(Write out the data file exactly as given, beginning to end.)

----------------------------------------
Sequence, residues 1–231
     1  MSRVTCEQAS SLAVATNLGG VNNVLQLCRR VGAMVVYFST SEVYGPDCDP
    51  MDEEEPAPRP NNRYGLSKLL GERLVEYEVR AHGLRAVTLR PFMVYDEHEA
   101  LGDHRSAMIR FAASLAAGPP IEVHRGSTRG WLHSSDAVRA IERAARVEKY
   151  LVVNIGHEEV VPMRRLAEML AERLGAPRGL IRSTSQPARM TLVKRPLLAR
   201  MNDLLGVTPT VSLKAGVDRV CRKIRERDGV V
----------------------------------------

Sequence, residues 1–231
     1  MSRVTCEQAS SLAVATNLGG VNNVLQLCRR VGAMVVYFST SEVYGPDCDP
    51  MDEEEPAPRP NNRYGLSKLL GERLVEYEVR AHGLRAVTLR PFMVYDEHEA
   101  LGDHRSAMIR FAASLAAGPP IEVHRGSTRG WLHSSDAVRA IERAARVEKY
   151  LVVNIGHEEV VPMRRLAEML AERLGAPRGL IRSTSQPARM TLVKRPLLAR
   201  MNDLLGVTPT VSLKAGVDRV CRKIRERDGV V